get a bang out of (someone)

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get a bang out of (someone)

To get a feeling of enjoyment, amusement, or excitement from someone. I get a bang out of Janene—she's really hilarious. John was gushing about you all day—I think he really gets a bang out of you.
See also: bang, get, of, out

get a bang out of

Also get a charge or kick out of . Get a feeling of excitement from, get a thrill from. For example, I get a bang out of taking the kids to the amusement park, or I get a charge out of her imitations. The first two terms allude to the jolt of an electrical charge. The first dates from the 1920s; Damon Runyon had it in Guys and Dolls (1929): "He seems to be getting a great bang out of the doings." The second dates from the mid-1900s. The third probably alludes to the stimulating effect of a strong alcoholic drink- kick was used in this sense from the 1840s on-but the precise wording dates from the early 1900s. Cole Porter used it for one of his most popular songs, "I Get A Kick Out of You" (1934).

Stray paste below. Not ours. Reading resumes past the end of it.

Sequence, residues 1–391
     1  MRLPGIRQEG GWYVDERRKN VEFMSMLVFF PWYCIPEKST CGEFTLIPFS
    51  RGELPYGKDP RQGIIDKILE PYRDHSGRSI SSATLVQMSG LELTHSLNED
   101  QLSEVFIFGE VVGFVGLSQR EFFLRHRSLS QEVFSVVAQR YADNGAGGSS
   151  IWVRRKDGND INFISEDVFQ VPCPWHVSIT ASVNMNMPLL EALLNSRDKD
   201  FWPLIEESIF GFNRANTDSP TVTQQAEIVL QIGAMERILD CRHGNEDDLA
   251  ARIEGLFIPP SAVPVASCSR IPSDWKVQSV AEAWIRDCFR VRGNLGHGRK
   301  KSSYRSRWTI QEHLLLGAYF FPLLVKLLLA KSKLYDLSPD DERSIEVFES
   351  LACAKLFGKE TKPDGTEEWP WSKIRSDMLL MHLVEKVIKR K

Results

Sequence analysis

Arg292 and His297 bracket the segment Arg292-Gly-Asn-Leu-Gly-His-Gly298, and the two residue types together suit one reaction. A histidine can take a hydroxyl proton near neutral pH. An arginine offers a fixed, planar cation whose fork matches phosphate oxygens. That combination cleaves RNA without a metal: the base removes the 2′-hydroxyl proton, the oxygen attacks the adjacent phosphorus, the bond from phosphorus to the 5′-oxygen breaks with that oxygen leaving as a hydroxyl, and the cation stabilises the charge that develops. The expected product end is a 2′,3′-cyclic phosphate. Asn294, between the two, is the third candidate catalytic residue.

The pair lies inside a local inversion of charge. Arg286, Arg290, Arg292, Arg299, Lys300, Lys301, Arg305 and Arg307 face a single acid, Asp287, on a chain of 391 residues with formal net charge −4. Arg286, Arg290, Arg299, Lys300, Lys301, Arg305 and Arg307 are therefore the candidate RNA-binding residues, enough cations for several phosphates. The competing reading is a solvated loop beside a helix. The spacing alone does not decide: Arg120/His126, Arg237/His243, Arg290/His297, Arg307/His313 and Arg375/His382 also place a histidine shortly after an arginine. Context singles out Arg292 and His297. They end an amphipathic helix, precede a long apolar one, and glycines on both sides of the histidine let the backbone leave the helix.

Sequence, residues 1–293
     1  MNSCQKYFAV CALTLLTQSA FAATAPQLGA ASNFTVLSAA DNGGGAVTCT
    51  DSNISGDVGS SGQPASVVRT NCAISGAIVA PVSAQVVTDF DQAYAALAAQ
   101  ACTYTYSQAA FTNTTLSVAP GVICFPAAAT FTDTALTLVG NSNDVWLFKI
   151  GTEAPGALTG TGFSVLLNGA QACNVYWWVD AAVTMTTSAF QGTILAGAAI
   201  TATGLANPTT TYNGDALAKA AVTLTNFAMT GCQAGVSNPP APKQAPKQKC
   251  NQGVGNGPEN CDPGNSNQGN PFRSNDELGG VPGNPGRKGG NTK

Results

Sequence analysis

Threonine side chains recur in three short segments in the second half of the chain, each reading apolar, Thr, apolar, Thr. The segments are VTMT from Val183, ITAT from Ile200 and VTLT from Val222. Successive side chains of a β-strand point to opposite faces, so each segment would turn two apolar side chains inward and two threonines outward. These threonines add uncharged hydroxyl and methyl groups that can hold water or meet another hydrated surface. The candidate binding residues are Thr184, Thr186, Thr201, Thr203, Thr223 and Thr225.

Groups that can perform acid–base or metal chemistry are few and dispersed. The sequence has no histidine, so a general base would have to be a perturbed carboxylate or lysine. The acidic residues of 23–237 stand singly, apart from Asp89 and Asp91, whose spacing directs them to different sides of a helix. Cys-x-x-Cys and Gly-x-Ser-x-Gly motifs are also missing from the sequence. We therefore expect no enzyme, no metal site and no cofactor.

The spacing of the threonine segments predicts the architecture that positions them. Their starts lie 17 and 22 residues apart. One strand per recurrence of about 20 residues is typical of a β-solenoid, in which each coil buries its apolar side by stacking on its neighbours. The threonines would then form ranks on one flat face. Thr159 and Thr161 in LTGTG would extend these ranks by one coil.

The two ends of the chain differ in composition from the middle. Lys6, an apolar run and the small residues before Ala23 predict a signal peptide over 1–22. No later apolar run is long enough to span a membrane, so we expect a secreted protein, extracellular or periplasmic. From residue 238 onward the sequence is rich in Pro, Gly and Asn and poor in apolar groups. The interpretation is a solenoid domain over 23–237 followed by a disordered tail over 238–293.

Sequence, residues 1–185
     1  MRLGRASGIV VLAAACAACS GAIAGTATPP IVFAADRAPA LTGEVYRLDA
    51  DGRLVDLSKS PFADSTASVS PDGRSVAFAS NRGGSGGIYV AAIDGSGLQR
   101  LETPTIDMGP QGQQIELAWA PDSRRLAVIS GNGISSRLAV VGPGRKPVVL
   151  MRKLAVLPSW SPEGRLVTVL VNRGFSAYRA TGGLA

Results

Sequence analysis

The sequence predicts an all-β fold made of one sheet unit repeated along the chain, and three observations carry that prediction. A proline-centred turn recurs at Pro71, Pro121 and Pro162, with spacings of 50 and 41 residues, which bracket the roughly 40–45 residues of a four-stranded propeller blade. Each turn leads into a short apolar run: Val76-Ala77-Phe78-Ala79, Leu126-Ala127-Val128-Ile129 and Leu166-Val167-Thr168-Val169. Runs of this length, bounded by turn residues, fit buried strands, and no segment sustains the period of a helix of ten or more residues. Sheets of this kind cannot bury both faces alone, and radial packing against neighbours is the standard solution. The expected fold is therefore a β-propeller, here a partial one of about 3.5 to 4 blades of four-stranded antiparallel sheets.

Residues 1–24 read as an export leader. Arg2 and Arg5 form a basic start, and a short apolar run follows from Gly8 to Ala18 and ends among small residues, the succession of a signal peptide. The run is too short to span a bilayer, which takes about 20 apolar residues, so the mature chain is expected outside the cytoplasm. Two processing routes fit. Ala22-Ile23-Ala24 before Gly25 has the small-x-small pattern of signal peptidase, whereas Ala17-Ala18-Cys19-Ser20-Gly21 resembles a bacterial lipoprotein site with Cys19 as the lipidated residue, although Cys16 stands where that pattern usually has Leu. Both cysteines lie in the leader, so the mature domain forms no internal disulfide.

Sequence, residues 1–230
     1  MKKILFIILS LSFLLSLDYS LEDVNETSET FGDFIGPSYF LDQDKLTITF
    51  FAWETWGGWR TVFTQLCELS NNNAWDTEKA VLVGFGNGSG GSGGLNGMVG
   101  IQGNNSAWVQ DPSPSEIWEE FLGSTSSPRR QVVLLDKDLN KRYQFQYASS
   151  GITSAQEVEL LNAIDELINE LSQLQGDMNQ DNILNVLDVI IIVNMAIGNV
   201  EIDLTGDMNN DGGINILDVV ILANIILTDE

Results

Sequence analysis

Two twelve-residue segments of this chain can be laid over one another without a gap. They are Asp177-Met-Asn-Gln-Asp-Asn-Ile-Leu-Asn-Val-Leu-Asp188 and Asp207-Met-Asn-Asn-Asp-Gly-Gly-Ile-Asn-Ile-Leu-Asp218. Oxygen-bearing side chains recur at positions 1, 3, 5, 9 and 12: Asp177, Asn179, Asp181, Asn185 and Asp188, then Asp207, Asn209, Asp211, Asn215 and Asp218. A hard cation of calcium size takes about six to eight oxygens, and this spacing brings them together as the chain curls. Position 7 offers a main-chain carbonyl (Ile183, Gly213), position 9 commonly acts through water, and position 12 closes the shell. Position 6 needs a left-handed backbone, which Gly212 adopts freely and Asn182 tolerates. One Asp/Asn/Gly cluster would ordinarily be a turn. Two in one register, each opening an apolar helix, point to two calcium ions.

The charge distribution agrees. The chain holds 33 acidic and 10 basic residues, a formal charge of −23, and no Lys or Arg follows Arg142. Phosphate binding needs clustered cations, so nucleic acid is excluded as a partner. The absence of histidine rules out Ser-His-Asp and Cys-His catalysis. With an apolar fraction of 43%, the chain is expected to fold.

See also: bang, get, of, out

get a bang out of

derive excitement or pleasure from. North American informal
1931 Damon Runyon Guys and Dolls He seems to be getting a great bang out of the doings.
See also: bang, get, of, out

get a bang out of someone/something

and get a kick out of someone/something
tv. to get a thrill from someone or something. I always get a bang out of her jokes. We got a kick out of him and the way he just sat there.
See also: bang, get, of, out, someone, something
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